Abstract: Regional Economic Development and Variation in Postbellum National Bank Profit Rates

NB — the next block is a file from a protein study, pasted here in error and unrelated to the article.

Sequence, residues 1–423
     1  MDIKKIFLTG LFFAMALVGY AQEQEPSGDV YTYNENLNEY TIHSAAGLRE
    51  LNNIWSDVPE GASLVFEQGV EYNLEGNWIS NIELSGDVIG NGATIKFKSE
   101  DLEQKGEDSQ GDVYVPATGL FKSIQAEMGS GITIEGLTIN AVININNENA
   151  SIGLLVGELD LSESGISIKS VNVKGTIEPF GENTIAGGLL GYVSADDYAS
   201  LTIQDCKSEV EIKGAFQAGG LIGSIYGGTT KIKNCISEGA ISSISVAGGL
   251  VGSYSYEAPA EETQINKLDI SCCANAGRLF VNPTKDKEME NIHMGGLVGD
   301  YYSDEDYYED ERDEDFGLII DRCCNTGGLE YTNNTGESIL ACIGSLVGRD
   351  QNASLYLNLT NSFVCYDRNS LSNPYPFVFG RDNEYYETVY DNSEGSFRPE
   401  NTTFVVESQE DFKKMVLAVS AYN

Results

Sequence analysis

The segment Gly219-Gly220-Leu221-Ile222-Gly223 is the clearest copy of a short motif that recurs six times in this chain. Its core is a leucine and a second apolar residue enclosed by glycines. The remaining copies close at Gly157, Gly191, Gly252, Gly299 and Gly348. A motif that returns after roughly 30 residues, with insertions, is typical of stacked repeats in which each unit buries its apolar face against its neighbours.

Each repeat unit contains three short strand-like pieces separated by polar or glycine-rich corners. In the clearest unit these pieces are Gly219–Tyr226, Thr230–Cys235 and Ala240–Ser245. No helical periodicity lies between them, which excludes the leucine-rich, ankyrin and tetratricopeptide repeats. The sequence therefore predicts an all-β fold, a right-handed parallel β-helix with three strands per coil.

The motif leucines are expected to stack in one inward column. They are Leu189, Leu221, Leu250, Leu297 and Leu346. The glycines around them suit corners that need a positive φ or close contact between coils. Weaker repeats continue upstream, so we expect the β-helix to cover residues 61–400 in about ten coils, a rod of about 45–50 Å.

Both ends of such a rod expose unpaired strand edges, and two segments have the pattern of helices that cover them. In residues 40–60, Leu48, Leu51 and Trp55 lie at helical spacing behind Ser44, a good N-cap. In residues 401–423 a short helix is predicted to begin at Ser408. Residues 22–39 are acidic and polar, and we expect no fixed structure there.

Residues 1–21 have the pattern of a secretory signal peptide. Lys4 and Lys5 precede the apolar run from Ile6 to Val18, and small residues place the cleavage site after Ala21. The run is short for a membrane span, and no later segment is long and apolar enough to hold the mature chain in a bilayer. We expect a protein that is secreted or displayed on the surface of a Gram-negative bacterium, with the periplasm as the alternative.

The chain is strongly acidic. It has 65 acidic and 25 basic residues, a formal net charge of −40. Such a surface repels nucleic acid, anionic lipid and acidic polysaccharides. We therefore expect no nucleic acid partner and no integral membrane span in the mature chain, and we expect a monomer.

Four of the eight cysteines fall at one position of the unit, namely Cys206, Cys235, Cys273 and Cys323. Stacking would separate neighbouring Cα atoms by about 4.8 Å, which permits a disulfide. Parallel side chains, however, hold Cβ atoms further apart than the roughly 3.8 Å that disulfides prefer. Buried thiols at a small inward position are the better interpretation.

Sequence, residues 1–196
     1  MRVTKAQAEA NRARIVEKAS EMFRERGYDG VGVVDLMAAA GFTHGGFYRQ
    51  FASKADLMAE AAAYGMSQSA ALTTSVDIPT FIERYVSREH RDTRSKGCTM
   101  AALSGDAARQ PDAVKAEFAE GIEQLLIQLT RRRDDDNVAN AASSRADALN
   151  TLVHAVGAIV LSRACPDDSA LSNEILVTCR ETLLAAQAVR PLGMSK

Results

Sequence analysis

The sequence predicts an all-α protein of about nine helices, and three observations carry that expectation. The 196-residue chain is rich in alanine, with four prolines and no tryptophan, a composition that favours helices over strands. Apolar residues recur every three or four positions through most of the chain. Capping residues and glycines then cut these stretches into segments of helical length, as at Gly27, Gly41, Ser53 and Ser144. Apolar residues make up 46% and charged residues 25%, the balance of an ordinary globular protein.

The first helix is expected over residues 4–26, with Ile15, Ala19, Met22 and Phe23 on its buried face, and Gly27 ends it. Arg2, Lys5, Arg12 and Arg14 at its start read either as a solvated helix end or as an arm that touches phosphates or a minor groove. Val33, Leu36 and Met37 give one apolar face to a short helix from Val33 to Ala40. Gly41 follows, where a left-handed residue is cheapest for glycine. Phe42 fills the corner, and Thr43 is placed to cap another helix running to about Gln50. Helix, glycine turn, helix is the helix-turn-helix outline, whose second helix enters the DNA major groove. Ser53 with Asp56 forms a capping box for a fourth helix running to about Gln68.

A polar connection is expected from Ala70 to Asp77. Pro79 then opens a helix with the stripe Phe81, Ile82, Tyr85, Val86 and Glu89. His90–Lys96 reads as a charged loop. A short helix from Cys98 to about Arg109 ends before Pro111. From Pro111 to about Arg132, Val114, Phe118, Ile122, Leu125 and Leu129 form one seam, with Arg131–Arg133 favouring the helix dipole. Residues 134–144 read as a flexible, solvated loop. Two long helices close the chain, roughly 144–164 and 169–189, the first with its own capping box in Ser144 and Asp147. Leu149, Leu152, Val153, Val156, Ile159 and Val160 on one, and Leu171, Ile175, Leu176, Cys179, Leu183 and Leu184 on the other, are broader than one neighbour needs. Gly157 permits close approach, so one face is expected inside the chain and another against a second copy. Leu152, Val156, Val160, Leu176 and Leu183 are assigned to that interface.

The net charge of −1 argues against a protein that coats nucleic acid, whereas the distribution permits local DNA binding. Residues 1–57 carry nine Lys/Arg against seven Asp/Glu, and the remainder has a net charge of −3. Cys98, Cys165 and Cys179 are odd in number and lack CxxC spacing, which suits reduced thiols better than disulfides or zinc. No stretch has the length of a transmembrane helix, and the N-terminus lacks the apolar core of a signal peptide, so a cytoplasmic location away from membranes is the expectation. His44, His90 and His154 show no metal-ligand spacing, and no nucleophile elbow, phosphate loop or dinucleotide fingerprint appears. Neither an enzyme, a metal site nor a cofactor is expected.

During the period following the U.S. Civil War, real and financial rates of return were higher in the South and West than in the Northeast. Despite over forty years of debate, economic historians have not yet reached a final consensus on the causes of these interregional rate differentials or their implications for how we assess the efficiency of the postbellum financial system. Most previous studies have attributed the rate differentials to supply factors—for example, transaction costs that limited interregional capital flows or regional differences in market power or risk. However, the evidence presented here on the relationships between regional growth rates, profit rate differentials, bank entry, and interregional capital flows is consistent with the hypothesis that regional differences in the growth in demand for banking services generated the interregional differences in bank profit rates. According to this interpretation, we should see the profit rate differentials as a mechanism through which the financial system allocated capital within and between regions rather than a sign that the postbellum financial system failed to allocate resources efficiently.